How do you think biometrics will impact digital identity?
The Estonian government’s digital strategy is often lauded as the poster child for authentication and identification, and the most evident impact is the convergence of a user profile. It is built on the fundamental idea to “prevent civil servants from asking for citizens’ data if it has already been provided to a government body, and on ‘trust by design,’ which puts security and public confidence first”. Digital identity has gone through an interesting transformation:
- Using something you have:the key to one’s vehicle, a document, a card, or a badge.
- Using something you know:a name, a secret, or a password.
- Using something you are:your fingerprint, your hand, your face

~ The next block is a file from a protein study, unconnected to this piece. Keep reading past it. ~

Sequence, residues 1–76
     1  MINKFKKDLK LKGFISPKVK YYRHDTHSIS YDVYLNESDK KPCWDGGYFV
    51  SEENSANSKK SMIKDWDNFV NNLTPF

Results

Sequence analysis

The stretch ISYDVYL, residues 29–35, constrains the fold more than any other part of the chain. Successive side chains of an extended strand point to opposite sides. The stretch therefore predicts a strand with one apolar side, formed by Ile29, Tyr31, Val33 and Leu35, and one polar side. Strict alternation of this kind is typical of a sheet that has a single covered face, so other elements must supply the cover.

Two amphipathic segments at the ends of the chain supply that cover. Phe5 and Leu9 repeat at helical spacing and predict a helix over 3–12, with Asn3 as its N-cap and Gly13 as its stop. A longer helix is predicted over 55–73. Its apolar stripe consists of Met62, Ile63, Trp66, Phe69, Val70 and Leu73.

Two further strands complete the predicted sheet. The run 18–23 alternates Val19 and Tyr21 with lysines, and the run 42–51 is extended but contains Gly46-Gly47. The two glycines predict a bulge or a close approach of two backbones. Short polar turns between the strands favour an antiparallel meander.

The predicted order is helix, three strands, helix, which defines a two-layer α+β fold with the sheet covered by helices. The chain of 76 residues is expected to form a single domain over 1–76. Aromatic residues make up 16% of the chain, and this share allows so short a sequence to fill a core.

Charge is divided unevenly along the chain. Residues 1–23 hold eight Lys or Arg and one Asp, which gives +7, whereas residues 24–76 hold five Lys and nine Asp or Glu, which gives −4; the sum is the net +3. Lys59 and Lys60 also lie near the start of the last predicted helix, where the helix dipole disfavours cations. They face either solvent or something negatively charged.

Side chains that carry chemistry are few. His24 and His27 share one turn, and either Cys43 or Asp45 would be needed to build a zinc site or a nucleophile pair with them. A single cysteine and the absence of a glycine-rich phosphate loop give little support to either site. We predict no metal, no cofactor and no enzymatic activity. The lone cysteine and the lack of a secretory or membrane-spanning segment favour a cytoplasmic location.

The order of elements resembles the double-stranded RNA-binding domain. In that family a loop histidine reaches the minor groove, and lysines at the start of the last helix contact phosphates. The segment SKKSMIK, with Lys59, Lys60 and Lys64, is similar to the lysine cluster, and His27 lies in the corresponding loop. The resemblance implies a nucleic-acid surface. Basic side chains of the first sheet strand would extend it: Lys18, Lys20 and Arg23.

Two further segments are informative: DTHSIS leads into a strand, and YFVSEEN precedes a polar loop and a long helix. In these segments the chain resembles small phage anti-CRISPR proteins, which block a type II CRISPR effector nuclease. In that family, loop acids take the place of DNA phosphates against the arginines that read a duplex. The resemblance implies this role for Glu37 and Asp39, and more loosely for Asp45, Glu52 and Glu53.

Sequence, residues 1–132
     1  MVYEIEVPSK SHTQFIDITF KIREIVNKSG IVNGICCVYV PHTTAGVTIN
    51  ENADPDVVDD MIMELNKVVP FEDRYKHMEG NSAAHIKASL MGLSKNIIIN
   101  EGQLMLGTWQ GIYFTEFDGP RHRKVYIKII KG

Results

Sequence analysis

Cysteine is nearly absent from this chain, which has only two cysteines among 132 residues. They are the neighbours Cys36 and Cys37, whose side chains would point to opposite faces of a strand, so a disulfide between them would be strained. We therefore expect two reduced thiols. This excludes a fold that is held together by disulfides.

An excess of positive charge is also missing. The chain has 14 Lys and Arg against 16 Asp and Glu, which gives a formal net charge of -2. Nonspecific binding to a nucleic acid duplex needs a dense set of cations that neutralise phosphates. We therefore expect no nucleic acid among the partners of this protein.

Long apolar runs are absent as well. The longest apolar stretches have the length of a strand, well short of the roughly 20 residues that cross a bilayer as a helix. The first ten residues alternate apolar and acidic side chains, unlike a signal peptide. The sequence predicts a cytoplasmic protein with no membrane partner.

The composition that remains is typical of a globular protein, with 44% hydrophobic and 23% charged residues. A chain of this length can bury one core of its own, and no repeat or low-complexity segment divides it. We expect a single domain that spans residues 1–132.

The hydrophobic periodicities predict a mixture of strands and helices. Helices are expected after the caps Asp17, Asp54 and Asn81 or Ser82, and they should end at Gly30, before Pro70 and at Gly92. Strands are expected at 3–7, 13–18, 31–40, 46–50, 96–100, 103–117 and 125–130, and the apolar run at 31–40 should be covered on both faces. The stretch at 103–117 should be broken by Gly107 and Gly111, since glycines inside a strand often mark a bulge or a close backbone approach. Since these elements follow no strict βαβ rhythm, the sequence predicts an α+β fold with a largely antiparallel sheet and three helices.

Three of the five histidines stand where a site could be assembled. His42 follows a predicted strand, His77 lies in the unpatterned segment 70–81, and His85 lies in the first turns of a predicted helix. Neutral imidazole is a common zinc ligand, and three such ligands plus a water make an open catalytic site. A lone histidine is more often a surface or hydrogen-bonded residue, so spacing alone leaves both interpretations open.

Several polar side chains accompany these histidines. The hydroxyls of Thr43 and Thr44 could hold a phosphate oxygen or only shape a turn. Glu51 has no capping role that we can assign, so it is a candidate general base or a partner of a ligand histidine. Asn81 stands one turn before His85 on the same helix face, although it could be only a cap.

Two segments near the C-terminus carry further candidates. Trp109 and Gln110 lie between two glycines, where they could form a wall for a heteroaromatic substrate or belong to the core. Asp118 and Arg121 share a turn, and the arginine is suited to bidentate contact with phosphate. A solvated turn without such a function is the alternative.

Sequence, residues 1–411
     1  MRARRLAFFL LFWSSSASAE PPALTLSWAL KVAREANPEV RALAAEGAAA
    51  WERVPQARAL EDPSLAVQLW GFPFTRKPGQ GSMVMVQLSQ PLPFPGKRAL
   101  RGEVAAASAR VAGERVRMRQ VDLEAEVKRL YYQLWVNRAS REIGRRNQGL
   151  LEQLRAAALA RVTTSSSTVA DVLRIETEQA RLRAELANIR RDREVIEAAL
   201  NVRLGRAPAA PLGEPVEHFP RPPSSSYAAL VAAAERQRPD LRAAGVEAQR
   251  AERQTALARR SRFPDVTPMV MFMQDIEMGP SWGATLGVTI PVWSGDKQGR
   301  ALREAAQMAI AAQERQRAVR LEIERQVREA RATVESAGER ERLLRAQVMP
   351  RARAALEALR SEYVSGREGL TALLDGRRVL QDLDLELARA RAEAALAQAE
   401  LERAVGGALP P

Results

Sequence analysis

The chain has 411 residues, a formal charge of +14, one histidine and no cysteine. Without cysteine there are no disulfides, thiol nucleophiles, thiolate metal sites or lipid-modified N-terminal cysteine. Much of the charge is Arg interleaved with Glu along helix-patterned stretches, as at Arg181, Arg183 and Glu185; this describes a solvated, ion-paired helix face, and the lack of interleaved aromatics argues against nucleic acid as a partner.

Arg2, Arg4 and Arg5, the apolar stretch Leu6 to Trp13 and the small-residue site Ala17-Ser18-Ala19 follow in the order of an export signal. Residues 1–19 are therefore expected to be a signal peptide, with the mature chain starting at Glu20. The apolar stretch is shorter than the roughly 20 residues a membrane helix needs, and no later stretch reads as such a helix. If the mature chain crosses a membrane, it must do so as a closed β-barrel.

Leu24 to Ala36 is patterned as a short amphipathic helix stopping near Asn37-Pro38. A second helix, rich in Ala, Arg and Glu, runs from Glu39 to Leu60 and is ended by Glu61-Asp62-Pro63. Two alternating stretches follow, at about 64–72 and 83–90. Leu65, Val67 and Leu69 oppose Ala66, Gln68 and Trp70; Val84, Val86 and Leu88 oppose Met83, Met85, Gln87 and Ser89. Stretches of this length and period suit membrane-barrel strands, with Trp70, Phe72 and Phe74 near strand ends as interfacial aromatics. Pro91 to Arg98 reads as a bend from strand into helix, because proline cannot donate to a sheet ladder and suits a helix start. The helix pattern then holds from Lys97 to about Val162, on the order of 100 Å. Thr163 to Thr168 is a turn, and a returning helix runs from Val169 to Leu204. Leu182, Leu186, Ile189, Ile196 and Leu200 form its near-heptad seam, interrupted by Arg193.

With ease of use, biometric is likely to become a prominent standard for digital identity and also the next frontier of digital payments.
What challenges are organizations facing today that you feel biometrics can help to solve? Can it solve the burgeoning fraud problem in the enterprise?
Contactless biometric card dramatically simplifies proximity payments and also provides an essential level of privacy and confidence. Payments get more secure and easier with Biometric adoption. Biometric can help organisations to simplify, standardize and optimize all identity, access management related processes/systems. Be it access cards to employees, access to Laptops/servers, secure access to production systems, Biometric can become a de facto standard in future. Biometric Organisations can leverage biometric authentication fully to minimize fraud/security related issues. Biometric authentication using statistical algorithms may have false positives leading to inaccurate results at times, which must be taken care of before making extreme decisions.
or businesses, what are the inherent risks of implementing biometric solutions?